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dc.contributor.authorCockayne, Joshua
dc.date.accessioned2020-04-15T16:30:02Z
dc.date.available2020-04-15T16:30:02Z
dc.date.issued2020-04-14
dc.identifier.citationCockayne , J 2020 , ' Disability, anthropology and flourishing with God : a Kierkegaardian account ' , Religions , vol. 11 , no. 4 , 189 . https://doi.org/10.3390/rel11040189en
dc.identifier.issn2077-1444
dc.identifier.otherPURE: 267341610
dc.identifier.otherPURE UUID: 577f508e-13a4-491c-90d0-a28b9ccb5adf
dc.identifier.otherORCID: /0000-0002-1545-8247/work/72360929
dc.identifier.otherScopus: 85083336487
dc.identifier.otherWOS: 000533909900019
dc.identifier.urihttps://hdl.handle.net/10023/19805
dc.descriptionFunding: This research was funded by the Templeton Religion Trust, grant number 58801.en
dc.description.abstractHow can the writings of Søren Kierkegaard address contemporary issues in the theology of disability? For while it is surely true that Kierkegaard had ‘no concept of “disability” in the contemporary sense’ of the term, I will argue that there is much in Kierkegaard’s writings that addresses issues related to disability. I begin by exploring Kierkegaard’s discussion of suffering and its application to disability theology. I argue that while this has some application, it doesn’t get to the heart of the issue, since a theology of disability must address more than the issue of suffering. Instead, I argue, we should look to Kierkegaard’s anthropology because it is here that we find a vision of what it is to be truly human, and, therefore, how we might understand what it means for those with disabilities to be truly human. To do this, I outline the account of the human being as spirit in The Sickness Unto Death, noting its inability to include certain individuals with severe cognitive disabilities. A straightforward reading of Sickness suggests that Kierkegaard would think of those with cognitive disabilities as similar to non-human animals in various respects. Noting the shortcomings of such an approach, I then offer a constructive amendment to Kierkegaard’s anthropology that can retain Kierkegaard’s concern that true human flourishing is found only in relationship with God. While Kierkegaard’s emphasis on teleology can be both affirming and inclusive for those with disability, I argue that we need to look to Kierkegaard’s account of ‘neighbor’ in Works of Love to overcome the difficulties with his seemingly exclusive anthropology.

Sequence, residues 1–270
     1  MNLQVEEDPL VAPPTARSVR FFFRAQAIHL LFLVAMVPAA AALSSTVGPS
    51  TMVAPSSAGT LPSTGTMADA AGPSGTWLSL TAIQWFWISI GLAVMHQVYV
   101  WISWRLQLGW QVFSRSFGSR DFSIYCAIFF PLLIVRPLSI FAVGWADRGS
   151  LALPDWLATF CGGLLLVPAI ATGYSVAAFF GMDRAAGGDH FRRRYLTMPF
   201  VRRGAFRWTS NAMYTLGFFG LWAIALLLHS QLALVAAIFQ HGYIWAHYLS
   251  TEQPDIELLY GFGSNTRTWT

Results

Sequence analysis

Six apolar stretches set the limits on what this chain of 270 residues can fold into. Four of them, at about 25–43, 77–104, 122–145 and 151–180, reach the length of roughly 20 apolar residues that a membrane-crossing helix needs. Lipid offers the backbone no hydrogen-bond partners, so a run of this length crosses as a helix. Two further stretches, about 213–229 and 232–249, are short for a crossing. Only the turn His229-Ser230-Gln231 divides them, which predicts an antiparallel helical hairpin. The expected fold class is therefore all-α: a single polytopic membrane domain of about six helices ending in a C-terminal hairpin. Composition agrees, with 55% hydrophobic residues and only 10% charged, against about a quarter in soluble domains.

dc.format.extent15
dc.language.isoeng
dc.relation.ispartofReligionsen
dc.rightsCopyright © 2020 by the authors. Licensee MDPI, Basel, Switzerland. This article is an open access article distributed under the terms and conditions of the Creative Commons Attribution (CC BY) license (http://creativecommons.org/licenses/by/4.0/).en
dc.subjectKierkegaarden
dc.subjectAnthropologyen
dc.subjectDisabilityen
dc.subjectBL Religionen
dc.subjectB Philosophy (General)en
dc.subjectGN Anthropologyen
dc.subjectT-NDASen
dc.subject.lccBLen
dc.subject.lccB1en
dc.subject.lccGNen
dc.titleDisability, anthropology and flourishing with God : a Kierkegaardian accounten
dc.typeJournal articleen
dc.description.versionPublisher PDFen
dc.contributor.institutionUniversity of St Andrews. School of Divinityen
dc.identifier.doihttps://doi.org/10.3390/rel11040189
dc.description.statusPeer revieweden


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